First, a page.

10 Facts about the Katmai Eruption of 1912

IMG_0096The Valley of 10,000 Smokes

In the year 1912 on June 6th, the Katmai Eruption (also known as the Novarupta Volcano eruption) occured, sending nearly 30 cubic kilometers of ash and debris into the atmosphere. The Katmai eruption was the largest of the 20th century. This cataclysmic event created a barren and Martian-like landscape in the heart of Katmai National Park called “The Valley of 10,000 Smokes,” which is a favorite flight seeing destination for our guests at Crystal Creek Lodge. Here are some astonishing facts about the Katmai eruption that occurred over 100 years ago.

• The eruption buried Kodiak Island in almost 3 feet of ash. For two days a person could not see a lantern held at arm’s length. Many buildings collapsed from the weight of the ash and residents were forced indoors for weeks.

• In terms of volume, the 1912 Katmai eruption was 30 times larger than that of 1980 Mount St. Helens.

• People in Juneau, Alaska, about 750 miles from the volcano, heard the sound of the blast over one hour after it occurred.

Katmai Village. National Geographic Society Katmai expeditions photographs, Archives and Special Collections, Consortium Library, University of Alaska Anchorage.

• Volcanic ash from the 1912 eruption nearly buried Katmai Village. A massive flood in 1916 destroyed what remained.

• At the conclusion of the eruption, 40 square miles of lush green land lay buried beneath volcanic deposits as much as 700 feet deep.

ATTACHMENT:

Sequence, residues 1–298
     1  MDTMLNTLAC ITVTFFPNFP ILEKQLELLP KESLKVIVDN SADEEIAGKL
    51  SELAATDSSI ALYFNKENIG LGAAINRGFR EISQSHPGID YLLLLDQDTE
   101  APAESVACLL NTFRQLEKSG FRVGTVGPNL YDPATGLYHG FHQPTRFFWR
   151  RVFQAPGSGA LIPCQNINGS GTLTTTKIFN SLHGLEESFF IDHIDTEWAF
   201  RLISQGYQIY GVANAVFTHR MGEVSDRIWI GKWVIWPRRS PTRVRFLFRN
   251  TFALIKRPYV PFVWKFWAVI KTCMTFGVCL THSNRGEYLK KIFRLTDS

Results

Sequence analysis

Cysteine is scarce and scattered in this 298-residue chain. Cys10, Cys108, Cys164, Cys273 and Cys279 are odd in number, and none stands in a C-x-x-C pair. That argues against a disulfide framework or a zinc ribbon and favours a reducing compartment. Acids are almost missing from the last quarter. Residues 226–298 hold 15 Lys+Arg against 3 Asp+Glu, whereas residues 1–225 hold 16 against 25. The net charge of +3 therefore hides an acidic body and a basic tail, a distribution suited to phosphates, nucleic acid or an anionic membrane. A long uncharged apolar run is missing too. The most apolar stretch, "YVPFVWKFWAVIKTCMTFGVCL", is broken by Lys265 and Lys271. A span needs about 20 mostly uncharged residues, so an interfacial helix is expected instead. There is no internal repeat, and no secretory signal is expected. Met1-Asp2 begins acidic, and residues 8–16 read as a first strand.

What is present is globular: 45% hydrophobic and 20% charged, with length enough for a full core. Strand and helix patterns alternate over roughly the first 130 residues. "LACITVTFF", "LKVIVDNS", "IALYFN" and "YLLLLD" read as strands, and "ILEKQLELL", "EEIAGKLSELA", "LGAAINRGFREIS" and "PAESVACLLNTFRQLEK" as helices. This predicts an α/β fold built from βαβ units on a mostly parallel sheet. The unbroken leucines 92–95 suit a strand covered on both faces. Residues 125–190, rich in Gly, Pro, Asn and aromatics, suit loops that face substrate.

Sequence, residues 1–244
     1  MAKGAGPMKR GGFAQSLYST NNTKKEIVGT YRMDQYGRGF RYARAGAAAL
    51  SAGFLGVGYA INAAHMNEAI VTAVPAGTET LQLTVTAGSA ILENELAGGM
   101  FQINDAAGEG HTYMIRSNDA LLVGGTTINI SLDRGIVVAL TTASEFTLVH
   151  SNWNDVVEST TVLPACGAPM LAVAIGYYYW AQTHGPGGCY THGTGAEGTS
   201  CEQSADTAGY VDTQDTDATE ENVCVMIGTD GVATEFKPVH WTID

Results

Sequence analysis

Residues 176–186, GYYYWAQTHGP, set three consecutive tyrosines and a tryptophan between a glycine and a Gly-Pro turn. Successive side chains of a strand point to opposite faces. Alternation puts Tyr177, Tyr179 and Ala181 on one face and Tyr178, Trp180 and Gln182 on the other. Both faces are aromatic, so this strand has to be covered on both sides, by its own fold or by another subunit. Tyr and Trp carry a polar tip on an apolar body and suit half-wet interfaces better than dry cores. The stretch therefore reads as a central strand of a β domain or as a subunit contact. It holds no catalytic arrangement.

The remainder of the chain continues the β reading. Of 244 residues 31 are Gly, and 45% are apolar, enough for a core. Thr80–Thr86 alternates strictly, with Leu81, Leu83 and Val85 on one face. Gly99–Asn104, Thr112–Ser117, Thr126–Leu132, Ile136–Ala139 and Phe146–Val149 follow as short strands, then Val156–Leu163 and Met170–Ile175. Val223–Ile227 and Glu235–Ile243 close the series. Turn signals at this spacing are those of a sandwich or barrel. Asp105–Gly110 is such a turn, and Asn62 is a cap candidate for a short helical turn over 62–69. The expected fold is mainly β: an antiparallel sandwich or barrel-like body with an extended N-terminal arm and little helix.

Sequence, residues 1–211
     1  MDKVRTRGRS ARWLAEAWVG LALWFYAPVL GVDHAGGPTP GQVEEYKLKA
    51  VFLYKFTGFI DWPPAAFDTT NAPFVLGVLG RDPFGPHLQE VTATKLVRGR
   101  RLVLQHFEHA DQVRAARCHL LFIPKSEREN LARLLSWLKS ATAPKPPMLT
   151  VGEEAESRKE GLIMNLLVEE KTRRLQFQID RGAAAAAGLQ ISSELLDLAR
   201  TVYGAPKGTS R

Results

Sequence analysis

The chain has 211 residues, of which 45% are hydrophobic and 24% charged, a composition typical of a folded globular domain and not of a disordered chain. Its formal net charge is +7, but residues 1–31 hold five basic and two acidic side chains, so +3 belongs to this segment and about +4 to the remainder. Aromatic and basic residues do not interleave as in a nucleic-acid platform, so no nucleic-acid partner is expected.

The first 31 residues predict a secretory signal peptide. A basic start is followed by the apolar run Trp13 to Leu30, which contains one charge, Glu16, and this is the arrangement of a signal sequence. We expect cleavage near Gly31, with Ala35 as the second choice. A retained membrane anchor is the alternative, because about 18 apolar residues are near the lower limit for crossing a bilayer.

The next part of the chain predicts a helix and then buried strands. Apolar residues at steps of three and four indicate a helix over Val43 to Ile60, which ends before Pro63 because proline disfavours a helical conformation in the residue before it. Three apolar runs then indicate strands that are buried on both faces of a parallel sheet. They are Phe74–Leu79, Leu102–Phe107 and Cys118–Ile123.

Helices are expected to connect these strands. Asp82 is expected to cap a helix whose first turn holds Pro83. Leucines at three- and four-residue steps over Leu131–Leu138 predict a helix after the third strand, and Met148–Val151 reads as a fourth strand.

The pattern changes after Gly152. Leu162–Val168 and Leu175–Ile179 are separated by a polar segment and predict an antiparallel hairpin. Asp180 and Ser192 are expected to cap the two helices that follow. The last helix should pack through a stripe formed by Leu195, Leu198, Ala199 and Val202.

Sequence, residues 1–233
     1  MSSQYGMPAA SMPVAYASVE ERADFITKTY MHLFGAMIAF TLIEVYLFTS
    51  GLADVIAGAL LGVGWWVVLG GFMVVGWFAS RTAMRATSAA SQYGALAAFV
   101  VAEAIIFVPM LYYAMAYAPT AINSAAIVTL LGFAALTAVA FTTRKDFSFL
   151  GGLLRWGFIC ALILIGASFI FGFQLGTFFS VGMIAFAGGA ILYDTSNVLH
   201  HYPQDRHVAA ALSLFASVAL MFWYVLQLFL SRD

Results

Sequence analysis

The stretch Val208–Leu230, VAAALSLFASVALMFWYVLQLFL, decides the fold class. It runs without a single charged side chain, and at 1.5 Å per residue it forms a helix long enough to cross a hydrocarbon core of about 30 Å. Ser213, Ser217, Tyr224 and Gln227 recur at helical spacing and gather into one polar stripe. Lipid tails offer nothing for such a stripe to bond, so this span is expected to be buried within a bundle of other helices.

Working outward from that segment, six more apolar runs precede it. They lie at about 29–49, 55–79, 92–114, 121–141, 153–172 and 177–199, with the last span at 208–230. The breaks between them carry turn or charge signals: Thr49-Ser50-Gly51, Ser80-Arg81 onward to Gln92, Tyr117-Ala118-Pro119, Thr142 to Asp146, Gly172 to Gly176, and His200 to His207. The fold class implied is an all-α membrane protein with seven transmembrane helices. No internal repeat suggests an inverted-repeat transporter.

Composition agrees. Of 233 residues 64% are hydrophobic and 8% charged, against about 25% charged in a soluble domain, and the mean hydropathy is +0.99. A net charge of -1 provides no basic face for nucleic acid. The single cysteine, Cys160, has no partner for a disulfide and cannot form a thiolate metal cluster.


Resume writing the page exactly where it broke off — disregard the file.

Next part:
• Four years after the eruption, Robert Griggs led the first expedition to explore the volcano’s aftermath for the National Geographic Society. In 1916, he found the Katmai Pass littered with thousands of steam pots and hot vents. Griggs named the area, The Valley of Ten Thousand Smokes.

• The Valley of Ten Thousands Smokes was created by a flow of superheated gas, ash and dust created by the eruption. The material filled the once v-shaped Knife Creek Valley and created a barren and flat plain.  In the end, the solidified volcanic material covered a surface area of over 120 square kilometers to depths of over 200 meters thick near its source.

Katmai Volcano – Courtesy of the National Park Service

• Robert Griggs was so amazed and enamored with the Katmai region, that he spearheaded the campaign to include Katmai in the National Park system.

• The summit of the Katmai volcano collapsed when magma drained out of the volcano during the eruption. The summit’s collapse formed a two-mile wide caldera that has since filled with water creating a caldera lake.

• The Katmai volcano was incorrectly thought to be the source of the largest eruption of the 20th Century because of the caldera and summit collapse. In 1950, scientists discovered that a small dome a short distance from the Katmai Volcano called “Novarupta” was the true source of the eruption.

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